UK- Ireland visa deal announced but not for Thai’s

agreementThe Home Secretary today signed a Memorandum of Understanding with the Republic of Ireland to strengthen the Common Travel Area for the Chinese and Indian market.

Today’s announcement will allow the UK and Ireland to share data and exchange information which will be used to inform and determine immigration decisions and allow visitors from India and China to travel more easily between the two countries, while maintaining the security of the borders as if really the UK needed more Indian and Chinese to visit or overstay their visas.

The British-Irish Visa Scheme is just one part of a joint programme of work aimed at strengthening both countries’ borders. Other projects include closer working on visa policies and processes, facilitating greater pre-entry and entry checks and sharing watch-list information and passenger data which makes me ask myself “do they not consider the large Indian market a threat?”.

ChineseThe first project to benefit from this new agreement is the British-Irish Visa Scheme, announced over the summer, which will allow Chinese and Indian visitors to travel to the UK and Ireland on a single visit visa. The scheme will start in China by the end of October and in India soon afterwards which has been received in both Countries. China and India are both key markets for UK and Irish tourism and it is hoped that more than 10,000 visitors will use the scheme. In my opinion I believe it is being used in the hope of large investments by both the Countries in the future.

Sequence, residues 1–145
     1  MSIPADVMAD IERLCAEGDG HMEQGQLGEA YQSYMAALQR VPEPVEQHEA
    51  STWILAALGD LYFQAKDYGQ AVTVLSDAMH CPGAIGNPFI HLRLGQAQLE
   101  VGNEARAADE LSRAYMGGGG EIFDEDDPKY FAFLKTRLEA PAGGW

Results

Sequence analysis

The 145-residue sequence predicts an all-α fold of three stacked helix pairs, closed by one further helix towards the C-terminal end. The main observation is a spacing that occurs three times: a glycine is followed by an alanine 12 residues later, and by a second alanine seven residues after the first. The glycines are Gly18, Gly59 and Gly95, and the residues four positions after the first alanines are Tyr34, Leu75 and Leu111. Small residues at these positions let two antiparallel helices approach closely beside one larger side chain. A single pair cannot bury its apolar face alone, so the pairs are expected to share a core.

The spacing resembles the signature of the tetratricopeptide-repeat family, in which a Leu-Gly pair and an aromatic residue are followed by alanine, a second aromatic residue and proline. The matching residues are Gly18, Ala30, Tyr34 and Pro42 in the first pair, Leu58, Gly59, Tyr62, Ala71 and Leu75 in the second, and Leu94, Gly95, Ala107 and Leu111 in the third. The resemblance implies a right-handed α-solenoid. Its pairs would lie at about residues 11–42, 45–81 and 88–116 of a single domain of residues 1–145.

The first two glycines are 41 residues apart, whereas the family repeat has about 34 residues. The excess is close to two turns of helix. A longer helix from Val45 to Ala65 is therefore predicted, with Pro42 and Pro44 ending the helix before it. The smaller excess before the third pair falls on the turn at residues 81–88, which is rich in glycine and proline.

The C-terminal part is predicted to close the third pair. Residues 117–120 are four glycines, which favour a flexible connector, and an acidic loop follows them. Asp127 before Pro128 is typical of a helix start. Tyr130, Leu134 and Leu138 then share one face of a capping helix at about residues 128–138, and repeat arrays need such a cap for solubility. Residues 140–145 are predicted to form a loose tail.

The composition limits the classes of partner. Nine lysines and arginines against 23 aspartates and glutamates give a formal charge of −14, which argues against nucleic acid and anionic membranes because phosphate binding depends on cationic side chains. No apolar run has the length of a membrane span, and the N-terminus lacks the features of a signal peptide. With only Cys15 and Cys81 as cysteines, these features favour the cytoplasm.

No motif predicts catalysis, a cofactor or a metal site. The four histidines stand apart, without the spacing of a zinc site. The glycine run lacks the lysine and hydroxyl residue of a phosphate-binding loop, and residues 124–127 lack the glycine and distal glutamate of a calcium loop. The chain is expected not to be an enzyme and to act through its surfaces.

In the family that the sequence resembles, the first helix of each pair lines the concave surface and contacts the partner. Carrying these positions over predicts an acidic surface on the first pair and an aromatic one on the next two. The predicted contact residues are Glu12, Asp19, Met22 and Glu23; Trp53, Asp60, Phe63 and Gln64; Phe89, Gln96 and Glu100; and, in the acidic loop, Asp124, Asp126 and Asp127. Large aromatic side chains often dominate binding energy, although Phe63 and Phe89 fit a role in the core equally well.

Most on lookers are not very excited about the new bi lateral visa and feel it should be opened up to a more restricted Asian Country like Thailand, Myanmar, Cambodia as the heavy restrictions on visa applications could have been made easier and increased tourism from new found markets.

The Home Secretary Theresa May said:

I am delighted to be able to sign this Memorandum of Understanding today. This agreement will make it easier and more attractive for travellers to visit both Ireland and the UK, while at the same strengthening Common Travel Area borders.

Frances Fitzgerald, Minister for Justice and Equality, said:

It is by cooperating to the greatest extent possible in protecting our borders from abuse, by preventing persons from entering our countries who have no right to be here, that we lay the foundations on which to extend the benefits of borderless travel between our countries to genuine visitors.

The British-Irish Visa Scheme which we expect will provide a major boost to tourism for both countries is a very practical example of the transformation in British Irish relations.

The scheme will benefit the Northern Irish economy in particular, by allowing Chinese and Indian visitors to the Republic of Ireland the opportunity to visit Northern Ireland without having to obtain a separate UK visa.